For the first couple of hours of the debate, the house was busy. Later there were less members present. This is normal. I suspect it coincides with happy hour at the already subsidised bar.

    Whether you're right or not about the bill itself passing before this appalling government finally get thrown out, I strongly suspect Schedule 1 will be significantly amended, largely due to people who have been campaigning for this. I assume they're not the same people as all the "theys" in your last paragraph who sound both unfamiliar and deluded, since "stopping the bill" has never been an option. (Although that fact didn't stop the Lib Dems from proposing a silly time-wasting amendment to do just that last night).

  8. It went as I expected- some MPs (even perhaps many) did rally to the HE side, but we are in that stage of the game in politics where the opposition will oppose anything on principle. With a big Labour majority it will go through especially with a guillotine. It may get twiddled with, but I can't see registration and monitoring failing unless Brown calls a snap election....

  9. Well CiaranG, in my world too nearly all those who spoke opposed the bill. Since it is a Government bill, there is little point in anybody but Ed Balls saying much about it. With the majoity which this administration enjoys, they can get anything through the house. All that the opposition can do is make brave speeches. As I say, it will probably be rushed thorugh on the nod during wash up week. I doubt any amendments will get in, but we shall see.

  10. Let me see......oh yes several people spent many many hours briefing conservative and lib dems, the result of which helped the decision made to whip both parties' MPs to vote against the bill, which they did yesterday. Labour were whipped to support it, so they did.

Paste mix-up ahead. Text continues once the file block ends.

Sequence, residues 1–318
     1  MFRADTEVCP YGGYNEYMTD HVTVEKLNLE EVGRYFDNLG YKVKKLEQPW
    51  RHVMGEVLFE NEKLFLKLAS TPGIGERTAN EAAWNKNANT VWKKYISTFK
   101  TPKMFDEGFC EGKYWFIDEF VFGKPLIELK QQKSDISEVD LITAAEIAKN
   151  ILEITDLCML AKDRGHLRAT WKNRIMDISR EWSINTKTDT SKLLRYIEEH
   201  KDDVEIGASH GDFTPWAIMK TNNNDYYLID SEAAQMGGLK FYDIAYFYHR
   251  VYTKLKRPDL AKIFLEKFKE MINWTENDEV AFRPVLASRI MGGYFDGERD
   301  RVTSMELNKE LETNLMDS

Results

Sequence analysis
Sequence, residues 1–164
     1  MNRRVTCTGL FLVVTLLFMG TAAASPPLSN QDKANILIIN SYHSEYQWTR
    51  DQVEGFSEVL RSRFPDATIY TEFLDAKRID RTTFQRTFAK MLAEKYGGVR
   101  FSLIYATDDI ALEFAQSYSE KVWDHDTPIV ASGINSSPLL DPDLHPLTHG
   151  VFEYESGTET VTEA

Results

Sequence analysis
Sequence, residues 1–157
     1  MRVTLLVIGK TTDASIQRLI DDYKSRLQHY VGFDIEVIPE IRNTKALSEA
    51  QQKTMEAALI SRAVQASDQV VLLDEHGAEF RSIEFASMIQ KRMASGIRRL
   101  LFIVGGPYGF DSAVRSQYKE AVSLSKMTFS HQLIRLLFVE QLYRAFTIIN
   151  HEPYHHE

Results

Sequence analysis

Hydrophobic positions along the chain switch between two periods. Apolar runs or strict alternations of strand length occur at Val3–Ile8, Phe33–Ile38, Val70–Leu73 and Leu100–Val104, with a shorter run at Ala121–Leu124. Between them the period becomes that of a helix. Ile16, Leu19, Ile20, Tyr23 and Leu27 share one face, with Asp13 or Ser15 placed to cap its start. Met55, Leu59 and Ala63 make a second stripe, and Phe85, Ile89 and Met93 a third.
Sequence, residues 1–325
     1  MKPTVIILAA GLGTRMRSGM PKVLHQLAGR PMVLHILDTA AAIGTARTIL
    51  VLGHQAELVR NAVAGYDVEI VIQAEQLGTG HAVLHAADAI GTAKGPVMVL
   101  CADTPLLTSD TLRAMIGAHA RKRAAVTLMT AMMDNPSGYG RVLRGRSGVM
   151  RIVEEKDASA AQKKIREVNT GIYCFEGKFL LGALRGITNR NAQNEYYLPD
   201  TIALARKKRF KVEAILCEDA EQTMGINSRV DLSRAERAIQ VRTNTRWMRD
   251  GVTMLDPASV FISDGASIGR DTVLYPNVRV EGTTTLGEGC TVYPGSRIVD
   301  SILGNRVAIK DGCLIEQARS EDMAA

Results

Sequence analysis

The MPs who spoke were remarkably knowledgable. It was a joy to hear.

    We always expected it would pass second reading, we were very pleased to see by how little it passed.

    The committee stage has been truncated by a government hell bent on putting this bill through without due process. Therefore the opportunity for ammendments, which is actually in reality the Bill Committee stage, is reduced. However the ammendments are already written. There are two major sets I am familiar with.

    Then we have the report and third reading and then the Lords have to pass it through the same stages......we already have some lords (some very, very influential) of all parties on our side.

    The Lords can delay this bill beyond the election and therefore kill it.

    Oh, and for your information - I understand the CSF bill will not get through wash up, front bench opposition is too opposed and a Labour MP I spoke to before Christmas said there are more important bills for the government to look at for wash up.

    I think you may have to sack your fortune teller yet Simon.

  11. Ciaran - the Lib Dems proposal allowed more debate
    Julie - there is a guillotine on the committee stage but they cannot impose one in the Lords to my understanding.

  12. Alison said,

    'there is a guillotine on the committee stage but they cannot impose one in the Lords to my understanding.'

    No, but they can use the Parliament Act and have done so quite willingly in the past.

    Mrs Anon

  13. Do you mean the Parliament Act 1949? If so, I'm not sure they have time to use this before the election.

    The Parliament Act 1911 specifies that, "If a public bill (other than a money bill or a bill
    extending the maximum duration of a parliament) was passed by the Commons in three
    successive sessions, with at least two years between the first Commons second reading and
    the Commons third reading in the third session, it could be presented for Royal Assent by the

    The Parliament Act 1949 amended the 1911 Act reducing the time periods specified in the
    execution of the procedure: replacing references to “three sessions” with “two sessions”, and to
    “two years” with “one year”.

    As far as I can see they have only used this provision 7 times, unless there have been more recent developments?